The next two movements are somewhat unsatisfying after that first and seem somewhat unrelated to each other. There is good reason for this. The third movement was taken more or less wholesale from an earlier work–Beethoven had rewritten the final movement to be less “brilliant.” His work on the first movement was also quite advanced, so it was quickly finished. The second, however, was only in preliminary sketch form and Beethoven, notortiously slow at composition, was under the gun–the commission came in March 1803 with the recital scheduled for the end of May. Bridgetower had to peform from Beethoven’s manuscript, while Beethoven used some notes and played mostly from memory. There was, as was the custom, a lot of improvising of the score during the premiere.
Today’s recording is one of my alltime favorites, a desert island disc if there ever was one. Eschewing my traditional taste for Heifetz where speed is the order of the day, we turn instead to the German violinist Gidon Kremer, who, in the 1970s, Herbert von Karajan himself anointed as the greatest living violinist. But what makes this recording extra special is the presence of Martha Argerich on piano–who better to bring Beethoven’s relentless drive? Any performance of the Kreutzer demands that the two musicians be true equals and this superstar pairing is just what is needed. The DG recording, with its famous “close mics” heightens the drama.
Ludwig van Beethoven, Violin Sonata No. 9 in A, Op. 47 “Kreutzer”:
But that is not the end of the story. The Kreutzer has one of the more interesting musical Conversations in history, with a detour through Russian literature.
The first part of this Conversation (I know the Professor is waiting for it!) is . . . Leo Tolstoy. In his short story, The Kreutzer Sonata, the protagonist invites a violinist to perform Beethoven’s work with his wife (a pianist). The results were tragic. As the protagonist explains: “I was in torture, especially because I was sure that toward me she had no other feeling than of perpetual irritation, sometimes interrupted by the customary sensuality, and that this man,—thanks to his external elegance and his novelty, and, above all, thanks to his unquestionably remarkable talent, thanks to the attraction exercised under the influence of music, thanks to the impression that music produces upon nervous natures,—this man would not only please, but would inevitably, and without difficulty, subjugate and conquer her, and do with her as he liked.” Eventually his madness causes him to murder his wife. Listening to Kremer and Argerich burn it down, one can see why. Certainly, a slew of artists were inspired by Tolstoy’s novel.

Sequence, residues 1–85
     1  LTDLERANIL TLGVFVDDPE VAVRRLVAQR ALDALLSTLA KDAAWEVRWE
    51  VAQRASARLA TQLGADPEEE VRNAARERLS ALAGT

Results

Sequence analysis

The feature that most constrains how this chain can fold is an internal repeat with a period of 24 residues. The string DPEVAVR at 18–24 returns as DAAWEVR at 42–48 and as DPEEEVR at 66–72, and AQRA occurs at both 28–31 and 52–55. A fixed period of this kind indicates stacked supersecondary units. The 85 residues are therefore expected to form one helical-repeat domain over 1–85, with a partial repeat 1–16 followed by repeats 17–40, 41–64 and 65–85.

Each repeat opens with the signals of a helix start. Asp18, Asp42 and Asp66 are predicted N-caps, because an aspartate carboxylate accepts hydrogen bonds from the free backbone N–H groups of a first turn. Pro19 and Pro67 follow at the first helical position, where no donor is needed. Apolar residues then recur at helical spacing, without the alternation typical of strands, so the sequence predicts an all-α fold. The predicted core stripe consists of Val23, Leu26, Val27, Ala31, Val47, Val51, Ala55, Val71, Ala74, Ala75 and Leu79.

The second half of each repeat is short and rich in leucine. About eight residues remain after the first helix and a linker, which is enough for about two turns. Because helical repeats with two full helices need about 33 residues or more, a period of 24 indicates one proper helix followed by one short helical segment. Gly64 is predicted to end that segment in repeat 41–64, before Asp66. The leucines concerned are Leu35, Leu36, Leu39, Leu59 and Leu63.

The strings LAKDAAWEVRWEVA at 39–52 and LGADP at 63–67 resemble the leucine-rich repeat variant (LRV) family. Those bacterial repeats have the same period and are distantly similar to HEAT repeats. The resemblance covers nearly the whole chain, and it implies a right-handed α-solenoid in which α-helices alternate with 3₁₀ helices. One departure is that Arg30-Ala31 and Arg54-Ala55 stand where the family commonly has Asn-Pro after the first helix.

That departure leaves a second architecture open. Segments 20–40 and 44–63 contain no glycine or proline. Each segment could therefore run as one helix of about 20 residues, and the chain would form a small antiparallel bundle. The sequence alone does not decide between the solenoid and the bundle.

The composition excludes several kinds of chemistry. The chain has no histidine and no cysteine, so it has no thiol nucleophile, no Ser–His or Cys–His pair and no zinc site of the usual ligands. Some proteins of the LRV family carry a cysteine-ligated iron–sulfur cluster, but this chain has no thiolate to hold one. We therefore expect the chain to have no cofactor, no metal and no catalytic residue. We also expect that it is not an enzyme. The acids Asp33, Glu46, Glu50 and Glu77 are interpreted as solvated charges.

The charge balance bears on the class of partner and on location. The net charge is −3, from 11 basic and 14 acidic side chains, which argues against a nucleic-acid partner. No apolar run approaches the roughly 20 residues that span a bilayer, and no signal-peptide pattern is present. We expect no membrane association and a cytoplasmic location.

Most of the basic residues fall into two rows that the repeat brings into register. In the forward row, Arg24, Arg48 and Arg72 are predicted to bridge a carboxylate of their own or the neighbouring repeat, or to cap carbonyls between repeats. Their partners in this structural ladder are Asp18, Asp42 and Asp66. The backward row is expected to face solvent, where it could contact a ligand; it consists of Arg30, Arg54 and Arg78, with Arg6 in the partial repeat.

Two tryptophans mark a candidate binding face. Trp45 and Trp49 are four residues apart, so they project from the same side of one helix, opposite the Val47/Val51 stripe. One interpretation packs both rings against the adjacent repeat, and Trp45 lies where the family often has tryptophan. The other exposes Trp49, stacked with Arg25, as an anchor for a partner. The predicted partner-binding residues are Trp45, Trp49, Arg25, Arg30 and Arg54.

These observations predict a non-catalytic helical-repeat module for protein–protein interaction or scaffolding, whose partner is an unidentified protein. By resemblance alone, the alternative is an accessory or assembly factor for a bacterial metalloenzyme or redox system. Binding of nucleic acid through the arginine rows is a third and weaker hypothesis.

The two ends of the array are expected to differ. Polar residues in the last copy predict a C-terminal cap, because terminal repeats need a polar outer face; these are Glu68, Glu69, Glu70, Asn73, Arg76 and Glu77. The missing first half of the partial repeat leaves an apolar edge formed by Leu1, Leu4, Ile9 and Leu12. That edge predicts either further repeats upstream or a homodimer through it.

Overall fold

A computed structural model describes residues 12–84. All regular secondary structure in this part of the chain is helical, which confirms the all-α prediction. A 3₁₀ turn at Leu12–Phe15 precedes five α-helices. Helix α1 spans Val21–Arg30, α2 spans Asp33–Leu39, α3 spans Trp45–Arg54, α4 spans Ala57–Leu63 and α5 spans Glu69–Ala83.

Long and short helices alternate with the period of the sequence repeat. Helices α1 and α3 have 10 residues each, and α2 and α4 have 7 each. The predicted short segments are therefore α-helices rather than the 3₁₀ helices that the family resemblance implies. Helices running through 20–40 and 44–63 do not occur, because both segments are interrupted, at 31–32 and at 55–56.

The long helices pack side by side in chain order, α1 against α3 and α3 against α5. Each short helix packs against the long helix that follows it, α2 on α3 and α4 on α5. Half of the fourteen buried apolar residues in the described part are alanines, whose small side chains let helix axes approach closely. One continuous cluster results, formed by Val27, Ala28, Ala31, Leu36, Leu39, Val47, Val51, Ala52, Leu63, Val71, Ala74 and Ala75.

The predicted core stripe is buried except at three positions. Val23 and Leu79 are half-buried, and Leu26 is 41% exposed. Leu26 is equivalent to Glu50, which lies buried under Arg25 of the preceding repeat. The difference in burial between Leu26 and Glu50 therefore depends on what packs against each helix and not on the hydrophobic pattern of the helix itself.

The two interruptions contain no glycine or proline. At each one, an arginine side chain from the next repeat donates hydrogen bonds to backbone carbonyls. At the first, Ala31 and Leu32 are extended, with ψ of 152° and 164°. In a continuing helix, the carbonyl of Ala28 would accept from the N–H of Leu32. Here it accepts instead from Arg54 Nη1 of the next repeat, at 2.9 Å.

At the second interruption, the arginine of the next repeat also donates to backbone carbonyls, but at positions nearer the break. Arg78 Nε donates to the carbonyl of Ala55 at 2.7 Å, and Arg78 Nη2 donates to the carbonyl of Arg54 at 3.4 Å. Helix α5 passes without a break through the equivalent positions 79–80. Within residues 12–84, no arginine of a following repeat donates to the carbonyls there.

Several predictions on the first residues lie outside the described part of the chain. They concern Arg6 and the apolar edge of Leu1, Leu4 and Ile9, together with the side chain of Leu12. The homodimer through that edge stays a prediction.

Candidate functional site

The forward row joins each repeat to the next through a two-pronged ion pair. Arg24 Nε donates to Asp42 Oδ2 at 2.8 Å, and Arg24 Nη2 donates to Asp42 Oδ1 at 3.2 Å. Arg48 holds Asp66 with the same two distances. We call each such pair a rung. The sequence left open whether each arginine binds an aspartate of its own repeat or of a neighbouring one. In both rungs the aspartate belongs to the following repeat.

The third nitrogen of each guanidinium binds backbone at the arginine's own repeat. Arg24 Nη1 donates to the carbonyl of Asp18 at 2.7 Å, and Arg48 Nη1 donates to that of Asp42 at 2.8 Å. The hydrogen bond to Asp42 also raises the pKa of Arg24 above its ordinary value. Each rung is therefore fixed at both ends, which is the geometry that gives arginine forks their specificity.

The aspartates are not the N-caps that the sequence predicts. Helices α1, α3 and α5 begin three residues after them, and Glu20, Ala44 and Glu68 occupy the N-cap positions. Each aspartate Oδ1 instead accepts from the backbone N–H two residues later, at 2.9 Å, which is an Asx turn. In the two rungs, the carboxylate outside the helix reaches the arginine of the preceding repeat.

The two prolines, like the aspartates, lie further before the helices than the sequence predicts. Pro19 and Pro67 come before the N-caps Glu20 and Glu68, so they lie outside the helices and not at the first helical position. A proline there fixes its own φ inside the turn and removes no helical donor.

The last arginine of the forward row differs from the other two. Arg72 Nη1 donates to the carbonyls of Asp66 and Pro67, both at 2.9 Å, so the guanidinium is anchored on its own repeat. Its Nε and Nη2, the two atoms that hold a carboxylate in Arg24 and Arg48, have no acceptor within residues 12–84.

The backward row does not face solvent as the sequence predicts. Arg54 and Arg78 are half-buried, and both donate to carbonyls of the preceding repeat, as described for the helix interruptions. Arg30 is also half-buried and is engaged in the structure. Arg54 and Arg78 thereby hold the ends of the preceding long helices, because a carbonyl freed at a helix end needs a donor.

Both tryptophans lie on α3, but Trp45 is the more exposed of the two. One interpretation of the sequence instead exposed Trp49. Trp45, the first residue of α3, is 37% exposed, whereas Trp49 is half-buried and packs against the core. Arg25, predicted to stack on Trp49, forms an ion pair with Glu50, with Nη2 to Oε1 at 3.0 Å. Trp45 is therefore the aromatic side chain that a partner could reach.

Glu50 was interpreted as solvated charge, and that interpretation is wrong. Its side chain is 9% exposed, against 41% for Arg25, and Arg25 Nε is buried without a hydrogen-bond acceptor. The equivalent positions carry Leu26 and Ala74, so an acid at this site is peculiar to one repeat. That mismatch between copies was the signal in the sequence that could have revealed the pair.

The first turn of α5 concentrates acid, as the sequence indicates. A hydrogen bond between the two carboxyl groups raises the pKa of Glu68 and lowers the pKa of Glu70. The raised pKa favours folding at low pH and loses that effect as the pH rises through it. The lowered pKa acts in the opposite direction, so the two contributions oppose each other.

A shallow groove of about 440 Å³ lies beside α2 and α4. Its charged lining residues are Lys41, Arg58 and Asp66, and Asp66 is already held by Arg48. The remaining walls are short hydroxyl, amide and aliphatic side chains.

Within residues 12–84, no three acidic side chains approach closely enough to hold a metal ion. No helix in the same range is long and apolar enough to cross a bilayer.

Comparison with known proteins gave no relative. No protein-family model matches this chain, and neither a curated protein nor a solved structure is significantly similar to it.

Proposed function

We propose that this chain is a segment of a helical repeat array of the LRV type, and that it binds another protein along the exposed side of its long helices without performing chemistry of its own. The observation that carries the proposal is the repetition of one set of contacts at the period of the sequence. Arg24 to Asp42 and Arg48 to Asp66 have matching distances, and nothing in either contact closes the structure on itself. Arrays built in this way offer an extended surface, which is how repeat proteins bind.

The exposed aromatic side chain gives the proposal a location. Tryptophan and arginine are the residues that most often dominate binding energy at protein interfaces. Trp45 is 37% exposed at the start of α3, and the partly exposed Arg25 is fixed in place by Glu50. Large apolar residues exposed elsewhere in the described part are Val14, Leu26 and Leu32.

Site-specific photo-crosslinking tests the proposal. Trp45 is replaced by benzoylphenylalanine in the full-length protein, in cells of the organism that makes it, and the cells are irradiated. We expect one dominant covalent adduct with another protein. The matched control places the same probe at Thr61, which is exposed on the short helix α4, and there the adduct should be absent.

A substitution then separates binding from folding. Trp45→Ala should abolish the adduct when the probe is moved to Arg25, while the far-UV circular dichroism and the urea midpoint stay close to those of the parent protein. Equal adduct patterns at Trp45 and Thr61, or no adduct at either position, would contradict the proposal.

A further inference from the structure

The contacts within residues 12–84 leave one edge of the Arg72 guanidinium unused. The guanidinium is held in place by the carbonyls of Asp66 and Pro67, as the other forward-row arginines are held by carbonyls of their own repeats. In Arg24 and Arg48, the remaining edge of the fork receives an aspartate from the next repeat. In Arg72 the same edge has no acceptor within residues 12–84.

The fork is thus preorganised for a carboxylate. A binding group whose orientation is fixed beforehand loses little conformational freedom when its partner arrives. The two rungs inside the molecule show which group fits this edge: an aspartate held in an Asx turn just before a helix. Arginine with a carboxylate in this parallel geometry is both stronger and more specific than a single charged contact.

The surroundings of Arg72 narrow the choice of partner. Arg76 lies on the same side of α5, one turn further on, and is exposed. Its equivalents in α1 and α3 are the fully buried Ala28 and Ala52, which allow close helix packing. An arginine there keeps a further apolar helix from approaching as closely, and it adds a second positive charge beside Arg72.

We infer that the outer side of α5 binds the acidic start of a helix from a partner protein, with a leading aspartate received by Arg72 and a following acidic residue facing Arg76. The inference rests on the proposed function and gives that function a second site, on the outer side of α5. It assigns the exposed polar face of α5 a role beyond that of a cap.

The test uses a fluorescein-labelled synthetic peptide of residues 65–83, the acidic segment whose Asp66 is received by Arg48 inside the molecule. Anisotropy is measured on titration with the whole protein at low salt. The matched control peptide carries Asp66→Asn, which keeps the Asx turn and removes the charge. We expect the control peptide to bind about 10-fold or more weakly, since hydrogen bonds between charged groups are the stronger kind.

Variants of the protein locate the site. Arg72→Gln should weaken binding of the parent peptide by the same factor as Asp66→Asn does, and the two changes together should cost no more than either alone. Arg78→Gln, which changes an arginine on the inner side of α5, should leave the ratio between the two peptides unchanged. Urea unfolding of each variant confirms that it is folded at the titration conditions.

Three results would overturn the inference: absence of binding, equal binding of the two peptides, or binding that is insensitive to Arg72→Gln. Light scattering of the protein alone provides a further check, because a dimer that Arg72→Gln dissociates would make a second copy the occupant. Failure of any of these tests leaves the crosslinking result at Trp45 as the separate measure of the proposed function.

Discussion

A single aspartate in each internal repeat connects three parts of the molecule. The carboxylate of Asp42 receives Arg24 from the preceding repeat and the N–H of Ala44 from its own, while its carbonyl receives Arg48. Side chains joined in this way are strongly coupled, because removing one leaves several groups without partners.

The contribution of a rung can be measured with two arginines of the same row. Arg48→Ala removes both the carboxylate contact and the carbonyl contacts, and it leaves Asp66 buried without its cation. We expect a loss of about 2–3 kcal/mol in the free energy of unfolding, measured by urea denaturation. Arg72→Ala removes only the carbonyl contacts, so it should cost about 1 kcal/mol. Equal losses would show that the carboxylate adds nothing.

Czech composer Leoš Janáček owned a copy of Tolstoy’s novel. Writing more than 100 years after Beethoven, Janáček borrows liberally from Beethoven, but twists Beethoven’s themes through rougher rhythms and modern harmonics. Setting out to recreate Tolstoy’s “poor, tormented and run down woman”, you instead get the searing heat of her affair.
Leos Janacek, String Quartet No. 1 “Kreutzer”: